Memory Loss and Aging
Many people believe that their capacity for remembering things diminishes as they get older; however, most people can take certain steps to keep their memories alive and their minds active.
Dementia is not a normal part of aging but a disease characterized by significant mental deterioration —forgetfulness, confusion, behavioral and personality changes, aggression, and disorientation. Stress, insomnia, depression, or even boredom can cause problems with our memory at any age.
Understanding Alzheimer’s disease
The most common form of dementia is Alzheimer’s disease, which affects about 5 percent of people older than age 65 and 20 percent of those older than age 80. The disease destroys the brain cells concerned with memory and is associated with a reduced life expectancy. The cause of Alzheimer’s disease is unknown, but several factors are thought to contribute to its development. One is a gene called apolipoprotein E4, and another is exposure to high concentrations of aluminum. Mercury in amalgam fillings does not cause Alzheimer’s diesease, but it is clearly toxic to brain cells, and would not help it. Another common cause of dementia is a stroke or a series of minor strokes. This is especially common if there is high blood pressure or high blood levels of an an amino acid called homocysteine.
Keeping our memories alive
The herb gingko biloba has been shown to regulate blood flow to the brain and may boost memory and reduce confusion in older people.
The same claim has been made for essential fatty acids, such as fish oil and flax oil, but the evidence is inconclusive. The Ayurvedic herb gotu kola is said to help induce mental calm and clarity, increase intelligence, and improve memory, although there is little scientific research on this. Diet is thought to be important; vitamin B12 , choline, and manganese may help to improve memory, and many vitamins have a positive effect on cognitive function.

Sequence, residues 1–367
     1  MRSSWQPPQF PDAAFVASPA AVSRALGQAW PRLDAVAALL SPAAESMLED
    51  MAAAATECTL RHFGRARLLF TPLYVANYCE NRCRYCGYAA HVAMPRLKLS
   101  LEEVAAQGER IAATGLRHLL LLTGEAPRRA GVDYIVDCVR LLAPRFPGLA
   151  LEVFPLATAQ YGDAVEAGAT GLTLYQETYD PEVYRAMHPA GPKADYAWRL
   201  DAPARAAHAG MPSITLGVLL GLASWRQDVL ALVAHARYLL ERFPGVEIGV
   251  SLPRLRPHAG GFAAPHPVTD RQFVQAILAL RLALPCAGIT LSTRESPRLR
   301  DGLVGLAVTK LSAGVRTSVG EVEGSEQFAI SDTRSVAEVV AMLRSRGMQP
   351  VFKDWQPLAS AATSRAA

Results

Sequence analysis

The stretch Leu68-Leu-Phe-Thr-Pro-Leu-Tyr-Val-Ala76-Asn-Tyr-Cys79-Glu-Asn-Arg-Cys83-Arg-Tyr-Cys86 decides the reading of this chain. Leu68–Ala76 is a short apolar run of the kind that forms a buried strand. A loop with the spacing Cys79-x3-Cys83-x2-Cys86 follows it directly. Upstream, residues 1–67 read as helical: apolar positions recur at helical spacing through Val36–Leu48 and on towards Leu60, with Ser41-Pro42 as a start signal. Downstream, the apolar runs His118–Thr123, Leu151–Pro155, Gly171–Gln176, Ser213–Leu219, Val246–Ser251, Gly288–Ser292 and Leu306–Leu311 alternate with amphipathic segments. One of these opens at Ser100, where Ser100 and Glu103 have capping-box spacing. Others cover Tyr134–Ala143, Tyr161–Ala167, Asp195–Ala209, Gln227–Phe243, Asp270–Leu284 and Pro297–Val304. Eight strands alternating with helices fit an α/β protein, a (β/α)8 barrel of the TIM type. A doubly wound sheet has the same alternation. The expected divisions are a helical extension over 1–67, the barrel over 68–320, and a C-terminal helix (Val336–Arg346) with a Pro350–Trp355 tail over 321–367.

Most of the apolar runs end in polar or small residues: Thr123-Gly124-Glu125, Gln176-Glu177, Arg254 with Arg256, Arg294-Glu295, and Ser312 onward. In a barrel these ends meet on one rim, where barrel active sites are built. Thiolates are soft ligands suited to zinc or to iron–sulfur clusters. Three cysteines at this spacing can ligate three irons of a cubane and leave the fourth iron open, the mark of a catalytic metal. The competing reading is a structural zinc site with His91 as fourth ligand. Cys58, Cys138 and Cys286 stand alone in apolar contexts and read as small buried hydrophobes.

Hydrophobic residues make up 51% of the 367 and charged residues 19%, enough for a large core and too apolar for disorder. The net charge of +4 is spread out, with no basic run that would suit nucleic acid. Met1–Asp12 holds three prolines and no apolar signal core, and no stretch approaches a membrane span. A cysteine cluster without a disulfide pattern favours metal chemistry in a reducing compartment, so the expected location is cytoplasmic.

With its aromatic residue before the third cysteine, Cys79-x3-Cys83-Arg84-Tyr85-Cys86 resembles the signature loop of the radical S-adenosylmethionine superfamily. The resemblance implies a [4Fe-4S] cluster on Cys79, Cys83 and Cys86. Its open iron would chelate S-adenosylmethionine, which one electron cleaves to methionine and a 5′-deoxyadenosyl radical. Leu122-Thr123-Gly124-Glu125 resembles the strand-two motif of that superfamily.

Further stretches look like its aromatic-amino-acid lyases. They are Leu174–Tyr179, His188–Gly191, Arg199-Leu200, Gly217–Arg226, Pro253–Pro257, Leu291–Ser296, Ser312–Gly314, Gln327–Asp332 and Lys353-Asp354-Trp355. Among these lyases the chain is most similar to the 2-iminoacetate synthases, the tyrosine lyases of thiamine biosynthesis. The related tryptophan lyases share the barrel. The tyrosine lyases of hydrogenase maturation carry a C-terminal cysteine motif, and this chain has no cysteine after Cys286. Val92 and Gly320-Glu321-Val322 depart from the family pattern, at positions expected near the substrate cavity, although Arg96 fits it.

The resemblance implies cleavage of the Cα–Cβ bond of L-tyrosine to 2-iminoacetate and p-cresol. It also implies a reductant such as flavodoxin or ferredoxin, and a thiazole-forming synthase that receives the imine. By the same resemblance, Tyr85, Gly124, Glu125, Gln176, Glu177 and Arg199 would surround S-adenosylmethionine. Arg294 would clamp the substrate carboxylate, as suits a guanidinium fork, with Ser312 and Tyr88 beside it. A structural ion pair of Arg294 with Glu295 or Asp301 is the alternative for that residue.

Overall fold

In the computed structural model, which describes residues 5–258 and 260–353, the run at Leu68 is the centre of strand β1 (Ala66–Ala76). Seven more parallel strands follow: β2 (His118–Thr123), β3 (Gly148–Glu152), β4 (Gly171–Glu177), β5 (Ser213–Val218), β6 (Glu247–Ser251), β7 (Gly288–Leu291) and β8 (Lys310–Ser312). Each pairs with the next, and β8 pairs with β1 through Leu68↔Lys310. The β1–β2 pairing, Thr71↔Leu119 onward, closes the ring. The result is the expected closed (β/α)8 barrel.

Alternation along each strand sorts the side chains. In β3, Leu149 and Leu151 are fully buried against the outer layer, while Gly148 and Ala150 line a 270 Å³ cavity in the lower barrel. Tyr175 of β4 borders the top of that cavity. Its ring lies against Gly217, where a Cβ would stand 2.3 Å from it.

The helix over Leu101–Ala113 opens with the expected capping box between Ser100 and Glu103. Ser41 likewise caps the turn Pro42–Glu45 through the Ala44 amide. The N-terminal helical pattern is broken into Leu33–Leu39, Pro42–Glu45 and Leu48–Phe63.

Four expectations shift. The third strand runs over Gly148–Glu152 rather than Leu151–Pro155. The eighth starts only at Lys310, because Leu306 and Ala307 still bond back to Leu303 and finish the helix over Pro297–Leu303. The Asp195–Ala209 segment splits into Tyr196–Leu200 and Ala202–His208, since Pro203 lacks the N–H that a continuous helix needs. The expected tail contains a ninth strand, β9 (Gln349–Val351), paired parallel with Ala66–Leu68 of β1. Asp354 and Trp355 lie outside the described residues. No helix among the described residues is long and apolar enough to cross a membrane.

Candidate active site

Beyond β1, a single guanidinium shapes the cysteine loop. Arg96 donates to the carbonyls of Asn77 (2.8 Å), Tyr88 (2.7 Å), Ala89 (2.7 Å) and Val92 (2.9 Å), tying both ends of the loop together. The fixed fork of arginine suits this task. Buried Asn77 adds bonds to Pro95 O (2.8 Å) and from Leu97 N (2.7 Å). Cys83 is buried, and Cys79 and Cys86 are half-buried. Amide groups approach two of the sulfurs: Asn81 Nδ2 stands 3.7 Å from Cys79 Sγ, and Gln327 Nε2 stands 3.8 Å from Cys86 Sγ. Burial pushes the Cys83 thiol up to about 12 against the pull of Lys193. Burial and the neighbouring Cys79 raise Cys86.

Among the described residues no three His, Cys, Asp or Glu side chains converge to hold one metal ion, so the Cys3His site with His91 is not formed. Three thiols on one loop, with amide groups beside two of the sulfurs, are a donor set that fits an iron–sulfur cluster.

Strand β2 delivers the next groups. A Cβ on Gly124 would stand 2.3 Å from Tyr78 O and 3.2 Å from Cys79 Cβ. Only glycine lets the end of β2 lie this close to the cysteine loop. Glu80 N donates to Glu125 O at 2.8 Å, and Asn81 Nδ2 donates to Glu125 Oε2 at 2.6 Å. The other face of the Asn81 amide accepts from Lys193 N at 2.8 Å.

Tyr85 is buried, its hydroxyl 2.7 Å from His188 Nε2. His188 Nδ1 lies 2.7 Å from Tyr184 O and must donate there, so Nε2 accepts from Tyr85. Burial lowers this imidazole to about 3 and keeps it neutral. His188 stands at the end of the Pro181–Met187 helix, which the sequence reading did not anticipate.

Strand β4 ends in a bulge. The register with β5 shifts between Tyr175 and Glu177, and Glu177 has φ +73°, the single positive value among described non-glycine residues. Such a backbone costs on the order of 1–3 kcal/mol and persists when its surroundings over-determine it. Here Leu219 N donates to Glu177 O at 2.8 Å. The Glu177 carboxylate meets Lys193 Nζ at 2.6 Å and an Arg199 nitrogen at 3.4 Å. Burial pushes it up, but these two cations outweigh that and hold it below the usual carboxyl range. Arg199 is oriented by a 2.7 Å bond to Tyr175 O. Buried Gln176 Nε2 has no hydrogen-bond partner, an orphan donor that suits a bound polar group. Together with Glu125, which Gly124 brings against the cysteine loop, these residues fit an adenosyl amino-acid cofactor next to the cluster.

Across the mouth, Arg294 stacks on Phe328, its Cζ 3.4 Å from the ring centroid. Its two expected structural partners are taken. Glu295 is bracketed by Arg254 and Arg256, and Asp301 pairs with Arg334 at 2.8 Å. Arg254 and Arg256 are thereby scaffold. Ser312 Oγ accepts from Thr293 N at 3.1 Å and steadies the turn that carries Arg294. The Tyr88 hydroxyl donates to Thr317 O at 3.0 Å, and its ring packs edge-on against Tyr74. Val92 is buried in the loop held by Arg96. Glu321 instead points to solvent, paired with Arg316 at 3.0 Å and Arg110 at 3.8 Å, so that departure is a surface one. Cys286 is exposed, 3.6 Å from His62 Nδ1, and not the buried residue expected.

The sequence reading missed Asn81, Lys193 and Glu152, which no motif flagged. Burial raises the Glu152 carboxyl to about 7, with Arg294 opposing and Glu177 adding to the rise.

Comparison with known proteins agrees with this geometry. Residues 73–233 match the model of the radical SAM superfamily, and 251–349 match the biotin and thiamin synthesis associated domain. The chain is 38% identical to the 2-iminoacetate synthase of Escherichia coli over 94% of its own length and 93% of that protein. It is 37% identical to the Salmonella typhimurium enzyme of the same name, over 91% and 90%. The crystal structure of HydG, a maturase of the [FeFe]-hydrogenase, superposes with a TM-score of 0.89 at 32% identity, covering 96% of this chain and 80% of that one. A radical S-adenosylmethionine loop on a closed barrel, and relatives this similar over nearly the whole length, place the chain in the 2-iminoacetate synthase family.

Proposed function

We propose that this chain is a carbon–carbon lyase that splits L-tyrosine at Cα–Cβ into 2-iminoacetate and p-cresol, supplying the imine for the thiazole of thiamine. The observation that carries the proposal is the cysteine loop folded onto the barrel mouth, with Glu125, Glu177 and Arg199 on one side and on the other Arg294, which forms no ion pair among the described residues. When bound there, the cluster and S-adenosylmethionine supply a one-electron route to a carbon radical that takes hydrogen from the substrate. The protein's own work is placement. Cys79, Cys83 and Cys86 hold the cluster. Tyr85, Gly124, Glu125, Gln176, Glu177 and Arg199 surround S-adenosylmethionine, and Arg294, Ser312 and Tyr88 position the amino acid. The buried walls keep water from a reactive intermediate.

Naturopaths might link memory problems to food intolerances, Candida of the gut, chronic fatigue syndrome, or some glandular disorders and usually suggest dietary changes and supplements. Sleeping well is also important, as is keeping the mind active, even by doing the crossword in your daily newspaper. Exercise can boost cognitive function by feeding the brain with oxygen and can help us stay alert as we age. Yoga, tai chi, and qigong are believed to increase “energy” flow—and therefore blood to the brain—and improve concentration, whereas meditation and relaxation help to calm the mind and relieve stress. Conventional drugs used to help mental function are called nootropics. The most common is paracetam; others include vinpocetine, and cetacetam.
Conventional treatment for Alzheimer’s disease involves drug therapy with acetylcholinesterase inhibitors, such as donepezil, rivastigmine, and galantamine. Research has shown that these drugs can delay for as much as 6-12 months the decline in thinking abilities in some people with mild to moderate disease. They are not a cure, however, and only half of people with the disease seem to benefit. They appear to block the actions of the enzyme acetylcholinesterase, which breaks down the neurotransmitter acetylcholine in the brain. The theory is that a decline in levels of this neurotransmitter is responsible for the symptoms of Alzheimer’s disease. By making more acetylcholine available, the drugs can reduce symptoms.
Some studies have found the herb ginkgo biloba to be effective in delaying deterioration of thinking processes in people with Alzheimer’s. Research suggests that ginkgo may be as effective as the acetylcholin esterase inhibitors used in conventional medicine, although no study has directly compared them. Some evidence shows that massage reduces anxiety and alters behavior in people with the disease, but further research is needed. Chinese medicine generally regards memory problems as a “kidney” weakness and uses herbs to boost the “kidneys”. However, little research has been done on the effects of Chinese herbs or acupuncture for dementia.